Next up was another audio visual treat, with the band returning to perform another live rarity, “I Want Be Man” from 1982’s “One on One” album. At the start of this, a video wall came from the roof to join up with the one behind the drumkit to provide a giant wall. Throughout the song, this displayed a video montage of clips illustrating “Cheap Trick At The Movies”. We saw clips from the following movies, with text naming the Cheap Trick song(s) featured in that film:- Transformers, Heavy Metal, Over The Edge, Daddy Daycare, Top Gun, The Colbert Report, Private Parts, Joe Dirt, Grown Ups, Say Anything, and Roadie. At the end the wording on screen says “To be continued…” Perfectly synchronised and timed, the song and video finished at the same time, very impressive. The top part of the video wall went back up, to reveal the orchestra and choir again. Rick then thanked the orchestra – “… excellent players… Sean O’Laughlin, Conductor… thanks for being here”. He continued by also thanking the Rhythmic Noise Choir – “… no, they’re NOT from Pittsburgh!” (a reference to the Packers’ opponents in tomorrow’s Superbowl, the Pittsburgh Steelers). He added “The next tune did fairly well around the world… OK, it was number ONE around the world… even in Milwaukee! Ladies and Gentlemen, Mr Robin Zander, my favourite lead singer”. Robin started up the bands biggest commercial hit, “The Flame”.
Aftwards, Rick spoke again – “Robin Zander! Alumni of the Stone Toad, Humpin’ Hanna’s, The Scene, County Stadium, the Bandstand… we’ve played them all and now we’re here! Thanks for coming.” He then went on with introductions – “… This is our band, the 4D Players. Magic Cristian on keyboards, Miles Nielsen on third guitar, Daxx Nielsen on drums… the Mind Choir singers… I think Daxx starts this one, here we go”. The next song did indeed start with the drums, a rousing “Just Got Back”. That was quickly followed by “Hot Love”, “Everybody Knows” and “Stiff Competition”. Phew quite a run of songs there.
The show continued with a very poignant “Smile”, accompanied on the video wall and side video screens by a montage of mostly vintage pictures of the band members.
The show drew to a close with two more of the bands signature songs. “I Want You to Want Me” had the crowd on its feet. Robin sang the “bummer version” chorus, and Rick highlighted the brief solo by the clarinet player in the orchestra! Finally we got “Surrender”, which had the crowd singing along and which featured a large Cheap Trick logo graphic on the video wall behind Daxx, and also on the one behind the orchestra. I got my fingertips to the flying album flat mid-song but it went past me! Towards the end of the song, a huge amount of black and white confetti came raining down over the audience, clearly a trick taken from last summer’s “Sgt Pepper Live” shows in Las Vegas.
The show ended at 9.54pm, and, slightly biased as I may be, I have to say it was outstanding. The performances had been flawless, and having been at rehearsal, I knew that the band worked hard to make sure everything went perfectly. The orchestra and backing singers contributed a huge amount, particularly to the songs from the Dream Police album, the band’s most orchestrated studio release. The video wall technology was also impressive. It’s nothing new of course, with the likes of Def Leppard having employed it to great effect for years. This was Cheap Trick’s first use of this type of video that I can recall, and it worked really well. It was not overused and didn’t detract from the music, but complimented it. Overall, the show is a great concept and very well designed and executed. Add to that, great lighting and great sound, and you have a wonderful (4-D!) Cheap Trick offering. Whilst the original album shows were more basic and raw, this was in keeping with the Dream Police album – polished and both a visual and sonic treat.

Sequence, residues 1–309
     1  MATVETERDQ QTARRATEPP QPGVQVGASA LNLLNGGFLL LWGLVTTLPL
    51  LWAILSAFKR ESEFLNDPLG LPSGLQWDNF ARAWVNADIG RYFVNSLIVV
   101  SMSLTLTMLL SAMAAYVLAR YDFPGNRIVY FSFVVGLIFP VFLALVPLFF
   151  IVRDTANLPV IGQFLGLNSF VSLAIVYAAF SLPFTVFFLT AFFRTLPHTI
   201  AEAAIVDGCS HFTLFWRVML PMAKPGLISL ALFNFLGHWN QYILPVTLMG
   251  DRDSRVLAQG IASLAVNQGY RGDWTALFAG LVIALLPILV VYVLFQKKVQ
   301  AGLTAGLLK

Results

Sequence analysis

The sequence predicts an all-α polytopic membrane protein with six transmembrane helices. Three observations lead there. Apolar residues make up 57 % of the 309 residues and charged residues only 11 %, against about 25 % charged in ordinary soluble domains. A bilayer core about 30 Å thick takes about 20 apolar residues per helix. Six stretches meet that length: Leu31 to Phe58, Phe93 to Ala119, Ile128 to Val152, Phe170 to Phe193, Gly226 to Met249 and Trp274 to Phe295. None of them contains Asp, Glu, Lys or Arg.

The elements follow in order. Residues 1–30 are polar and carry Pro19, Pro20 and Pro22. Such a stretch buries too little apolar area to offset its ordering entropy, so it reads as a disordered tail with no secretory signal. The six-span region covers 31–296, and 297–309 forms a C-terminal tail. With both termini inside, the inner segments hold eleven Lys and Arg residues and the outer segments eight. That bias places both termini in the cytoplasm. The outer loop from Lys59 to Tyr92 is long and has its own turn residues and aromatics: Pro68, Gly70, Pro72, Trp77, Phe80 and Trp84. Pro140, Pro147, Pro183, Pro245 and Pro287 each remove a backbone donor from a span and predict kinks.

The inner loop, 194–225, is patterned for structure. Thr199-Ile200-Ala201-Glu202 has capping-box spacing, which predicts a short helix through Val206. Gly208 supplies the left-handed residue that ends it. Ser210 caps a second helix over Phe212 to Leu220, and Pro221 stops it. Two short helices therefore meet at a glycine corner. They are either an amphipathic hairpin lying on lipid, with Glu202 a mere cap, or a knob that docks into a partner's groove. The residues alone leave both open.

After collecting our DP album cover picture taken before the show
(and finding out I hadn’t won the signed guitar!), we said our goodbyes to
friends and left the casino at 11.15pm for the 75 minute drive back to Chicago.
It had been a pretty good night out…!! :-)
After the excitement of last nights show, today was quiet and leisurely. It was another cold but bright day, the sunshine not warm enough to melt off the thick layer of snow still around. We did odds and ends before settling down for the Superbowl together with Chinese takeout food! And Leinienkugel’s Honey Weiss beer! Hmmm… I’ve only just realised that Leinies is of course brewed in Chippewa Falls, Wisconsin (I’ve even done a brewery tour there), so I guess subconsciously I was supporting the Green Bay Packers even though they’d put out the Chicago Bears in the Championship game a couple of weeks ago. (If the Bears were playing in tonight’s big game I’m sure we’d have been somewhere more crowded rather than at home!) Anyway, the Packers took an early 14-0 lead over the Pittsburgh Steelers, who later rallied. It became a great game with the Steelers pulling close, only for the Packers to score again, then the Steelers pull back again, and so on. The Packers eventually ran out winners by 31-25.